color usage in Japan
Roses are red, violets are blue, I know all my colors, or at least I thought that was true.
How many colors are there in the world? The human eye has the ability to identify nearly 7 million unique colors, but the color spectrum is limitless beyond the naked eye. With so many colors surrounding us on the canvas of life, it isn't surprising that the perception of color varies from culture to culture. Every culture has its own sense of color, and Japan is no exception. From prehistoric times to the present day, the Japanese have developed their own collection of traditional colors, known as dentouiro 伝統色でんとういろ , which are still recognized and used today.
Variations in color perception across cultures are present for a number of reasons, but they mainly concern the influences of geography, internal cultural affairs, and external cultural interactions.
Some traditional Japanese colors have been used since the Asuka period (538 to 710), while others are more recent. Due to the long history of the Japanese color system, some inconsistencies in color and name do exist, but the basic outline of the color system still remains intact, listing nearly 500 individual colors.
First, let's look at the core four!
THE OLDEST COLORS
The earliest written history of Japan, which was a mix of fact and mythology, mentions the four oldest color terms in the Japanese language: aka 赤あか or red, kuro 黒くろ or black, shiro 白しろ or white, and ao 青あお or blue. However, it has been proposed that these terms originally referred to the contrasting optical sensations of light and dark, clear and vague.
With time, these ancient color terms evolved to have the red, black, white and blue meanings in use today (as well as acquiring other symbolic meanings, which we'll get to later). However, traces of the original four colors persist in modern Japanese. Most proverbs and surnames that mention color, for example, often involve these four colors. Additionally, only these four colors can be prefixed with the "pure" and "genuine" ma 真ま, to give us makka 真っ赤まっか or bright red, makkuro 真っ黒まっくろ or pitch black, masshiro 真っ白まっしろ or pure white, massao 真っ青まっさお or deep blue.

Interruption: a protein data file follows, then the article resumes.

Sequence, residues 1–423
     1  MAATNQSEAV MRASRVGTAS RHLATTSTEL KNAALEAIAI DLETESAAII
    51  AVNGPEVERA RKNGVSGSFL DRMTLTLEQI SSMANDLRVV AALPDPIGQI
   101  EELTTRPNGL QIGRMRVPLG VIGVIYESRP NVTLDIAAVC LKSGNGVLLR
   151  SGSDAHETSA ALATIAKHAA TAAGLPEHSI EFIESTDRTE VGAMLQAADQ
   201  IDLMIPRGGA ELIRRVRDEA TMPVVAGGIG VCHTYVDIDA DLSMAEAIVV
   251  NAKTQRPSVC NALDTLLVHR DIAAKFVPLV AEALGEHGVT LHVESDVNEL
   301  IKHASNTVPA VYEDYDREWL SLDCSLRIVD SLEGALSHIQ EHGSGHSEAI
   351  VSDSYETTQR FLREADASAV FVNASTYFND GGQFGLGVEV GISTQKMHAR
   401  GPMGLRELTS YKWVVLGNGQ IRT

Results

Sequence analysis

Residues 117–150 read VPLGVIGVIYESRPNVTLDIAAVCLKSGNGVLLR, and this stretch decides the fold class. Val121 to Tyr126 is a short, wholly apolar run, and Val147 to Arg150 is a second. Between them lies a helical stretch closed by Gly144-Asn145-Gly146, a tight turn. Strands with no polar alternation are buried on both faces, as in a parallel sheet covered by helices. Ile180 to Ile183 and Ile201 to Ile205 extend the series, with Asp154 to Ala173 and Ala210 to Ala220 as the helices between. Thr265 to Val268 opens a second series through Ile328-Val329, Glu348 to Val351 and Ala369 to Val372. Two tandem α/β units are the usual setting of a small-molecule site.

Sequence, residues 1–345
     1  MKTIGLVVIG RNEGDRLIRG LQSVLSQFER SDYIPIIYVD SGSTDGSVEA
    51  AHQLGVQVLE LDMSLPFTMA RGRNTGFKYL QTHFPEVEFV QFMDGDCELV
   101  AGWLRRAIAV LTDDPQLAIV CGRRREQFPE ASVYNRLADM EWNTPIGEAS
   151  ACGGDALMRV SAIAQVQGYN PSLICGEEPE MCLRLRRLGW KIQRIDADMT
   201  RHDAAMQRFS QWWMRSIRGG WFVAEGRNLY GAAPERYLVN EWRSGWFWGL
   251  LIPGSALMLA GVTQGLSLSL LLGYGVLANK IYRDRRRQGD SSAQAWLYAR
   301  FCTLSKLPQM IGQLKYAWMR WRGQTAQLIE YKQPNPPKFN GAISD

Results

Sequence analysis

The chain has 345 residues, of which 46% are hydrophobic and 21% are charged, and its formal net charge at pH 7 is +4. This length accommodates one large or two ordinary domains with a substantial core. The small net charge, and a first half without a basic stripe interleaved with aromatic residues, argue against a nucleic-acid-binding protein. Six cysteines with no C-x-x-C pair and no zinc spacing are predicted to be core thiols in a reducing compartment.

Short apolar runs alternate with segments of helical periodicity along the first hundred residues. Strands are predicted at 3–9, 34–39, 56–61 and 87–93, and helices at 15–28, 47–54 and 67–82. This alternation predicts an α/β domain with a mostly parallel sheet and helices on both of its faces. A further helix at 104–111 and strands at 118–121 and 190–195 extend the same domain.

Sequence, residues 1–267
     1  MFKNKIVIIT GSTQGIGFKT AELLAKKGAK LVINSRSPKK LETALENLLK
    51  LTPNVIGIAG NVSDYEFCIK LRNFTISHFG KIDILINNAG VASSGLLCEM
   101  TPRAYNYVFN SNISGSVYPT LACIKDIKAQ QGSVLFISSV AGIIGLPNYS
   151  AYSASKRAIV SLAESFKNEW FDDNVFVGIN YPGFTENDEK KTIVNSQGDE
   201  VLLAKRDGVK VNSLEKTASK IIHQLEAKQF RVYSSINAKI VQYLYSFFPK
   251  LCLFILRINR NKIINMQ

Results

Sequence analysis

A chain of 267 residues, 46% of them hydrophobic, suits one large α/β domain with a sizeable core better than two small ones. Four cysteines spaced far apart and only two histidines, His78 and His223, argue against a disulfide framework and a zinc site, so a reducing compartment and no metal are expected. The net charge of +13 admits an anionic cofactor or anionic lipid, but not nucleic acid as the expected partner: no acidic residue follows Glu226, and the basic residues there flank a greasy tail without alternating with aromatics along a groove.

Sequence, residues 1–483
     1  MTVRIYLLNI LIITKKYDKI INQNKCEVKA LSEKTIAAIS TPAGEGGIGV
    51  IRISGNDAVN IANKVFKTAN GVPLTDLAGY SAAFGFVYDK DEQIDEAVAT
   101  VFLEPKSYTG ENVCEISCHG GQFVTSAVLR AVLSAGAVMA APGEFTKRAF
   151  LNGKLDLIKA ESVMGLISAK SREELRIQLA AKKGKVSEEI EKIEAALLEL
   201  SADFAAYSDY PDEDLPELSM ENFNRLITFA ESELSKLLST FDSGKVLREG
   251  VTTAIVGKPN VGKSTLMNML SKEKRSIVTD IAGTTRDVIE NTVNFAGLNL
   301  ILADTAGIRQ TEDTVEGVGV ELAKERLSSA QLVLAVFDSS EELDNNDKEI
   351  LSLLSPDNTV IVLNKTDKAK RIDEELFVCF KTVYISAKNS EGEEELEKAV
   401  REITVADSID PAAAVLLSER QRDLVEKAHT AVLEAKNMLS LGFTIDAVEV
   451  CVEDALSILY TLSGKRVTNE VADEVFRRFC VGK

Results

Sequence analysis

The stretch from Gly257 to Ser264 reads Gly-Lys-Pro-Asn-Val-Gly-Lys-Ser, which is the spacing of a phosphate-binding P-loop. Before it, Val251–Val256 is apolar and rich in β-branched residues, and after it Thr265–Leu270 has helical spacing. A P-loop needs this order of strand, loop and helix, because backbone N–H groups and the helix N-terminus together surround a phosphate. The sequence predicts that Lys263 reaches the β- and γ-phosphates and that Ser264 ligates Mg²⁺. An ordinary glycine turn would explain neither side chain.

Similarly, the original ambiguity of ao appears to have stood the test of time. A vague, overlapping, blue-green color band, termed "grue" in anthropological lingo, may be used to describe the bluish-green (or greenish-blue?) of ao – which is notorious for causing the Western confusion between aoshingou 青信号あおしんごう and "green traffic light." Or aonegi 青ネギあおねぎ and "green spring onion."
Some people think of geography as a somewhat useless, easy-A class in college, but the truth is that geography is one of the most important factors in how we interact with and perceive the world around us. In the case of color sense, a group of people living in the desert would undoubtedly perceive the color green very differently from a group living in lush forest lands, as the Japanese do.
Geography also has to do with color in that it dictates the resources available to people. In Japan, this is especially clear as the names of traditional colors are often related to native plants and animals, especially those used to make pigments and dyes. An example of this would be the Japanese color name, akaneiro 茜色あかねいろ, which was produced by creating a dye from the root of a plant called akane grass. Another perhaps more familiar example is azukiiro 小豆色あずきいろ, or the color of azuki beans (aka the most delicious thing ever, often the filling of daifuku mochi).
As for colors named after animals, the most popular choice seems to be the mouse, or nezumi, which is used to express grey tones. For starters, you've got budou nezumi ぶどうネズミ, or grape mouse (purple grey). But, the list goes on and on with names like fuji nezumi 藤ネズミふじねずみ, or Fuji mouse (light purple grey), yanagi nezumi 柳鼠やなぎねずみ, or willow mouse (light green grey), and cha nezumi 茶鼠ちゃねずみ, or tea .
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